Inside The New York Botanical Garden

Don Wheeler

The Victory Grove of Douglas Spruce

Posted in From the Library on November 12 2018, by Don Wheeler

Don Wheeler is the Collection Development Librarian of The New York Botanical Garden.

Photo of the Douglas spruce memorial
The Douglas spruce memorial grove in 1924, Fordham hospital in the background. Photo courtesy of the Mertz Library.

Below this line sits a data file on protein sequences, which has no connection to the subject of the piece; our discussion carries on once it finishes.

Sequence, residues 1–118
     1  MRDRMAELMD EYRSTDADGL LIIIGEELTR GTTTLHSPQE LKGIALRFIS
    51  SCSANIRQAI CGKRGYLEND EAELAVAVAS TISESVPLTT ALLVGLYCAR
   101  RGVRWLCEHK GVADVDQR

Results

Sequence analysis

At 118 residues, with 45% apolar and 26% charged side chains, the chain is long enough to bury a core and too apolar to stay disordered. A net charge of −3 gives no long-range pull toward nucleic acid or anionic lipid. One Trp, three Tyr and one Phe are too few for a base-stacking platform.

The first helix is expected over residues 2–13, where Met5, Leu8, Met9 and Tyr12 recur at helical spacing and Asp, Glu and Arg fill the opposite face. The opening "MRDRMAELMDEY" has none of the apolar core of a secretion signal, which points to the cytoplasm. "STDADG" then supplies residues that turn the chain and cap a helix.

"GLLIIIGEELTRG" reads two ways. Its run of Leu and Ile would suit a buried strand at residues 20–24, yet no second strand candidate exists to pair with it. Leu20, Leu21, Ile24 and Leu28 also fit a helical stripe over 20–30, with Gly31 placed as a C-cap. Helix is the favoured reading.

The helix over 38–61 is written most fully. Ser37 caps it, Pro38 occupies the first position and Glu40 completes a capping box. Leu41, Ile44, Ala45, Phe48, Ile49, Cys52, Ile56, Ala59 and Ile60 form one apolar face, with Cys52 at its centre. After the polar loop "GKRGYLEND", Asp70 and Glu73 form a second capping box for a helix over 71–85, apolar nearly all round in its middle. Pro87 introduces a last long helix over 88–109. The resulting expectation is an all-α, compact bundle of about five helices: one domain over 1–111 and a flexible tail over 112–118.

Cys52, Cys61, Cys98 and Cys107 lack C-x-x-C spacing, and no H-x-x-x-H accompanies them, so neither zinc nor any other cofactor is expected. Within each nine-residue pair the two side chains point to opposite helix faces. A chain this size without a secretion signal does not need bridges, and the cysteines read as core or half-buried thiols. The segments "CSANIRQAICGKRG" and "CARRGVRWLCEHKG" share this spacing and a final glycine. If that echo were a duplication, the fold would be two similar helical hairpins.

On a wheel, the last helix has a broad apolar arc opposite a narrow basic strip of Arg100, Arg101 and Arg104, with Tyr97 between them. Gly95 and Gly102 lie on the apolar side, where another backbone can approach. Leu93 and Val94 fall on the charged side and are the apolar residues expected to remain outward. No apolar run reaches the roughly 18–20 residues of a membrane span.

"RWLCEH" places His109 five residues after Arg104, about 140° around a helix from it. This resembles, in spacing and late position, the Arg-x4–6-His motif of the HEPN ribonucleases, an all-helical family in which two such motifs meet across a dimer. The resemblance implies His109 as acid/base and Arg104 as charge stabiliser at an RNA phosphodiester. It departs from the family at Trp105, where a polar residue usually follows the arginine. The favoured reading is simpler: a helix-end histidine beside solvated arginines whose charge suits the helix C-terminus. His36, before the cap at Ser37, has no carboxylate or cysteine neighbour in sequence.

There is always something to discover at the Garden, even for those of us privileged to work here every day. While looking for something else, an article in the 1919 volume of the Journal of the New York Botanical Garden caught my eye: “The planting of trees as war memorials.” In the January 1919 issue, Edward Adams, prominent banker, engineer, philanthropist, and member of the Board of The New York Botanical Garden, suggested the planting of Douglas Spruce trees as a living memorial to the men and women who had served in the recently ended First World War. He proposed that trees be planted on the grounds of The New York Botanical Garden with contributions of $10 per tree from citizens wishing to participate. (That $10 is equal to about $146 today when adjusted for inflation.)

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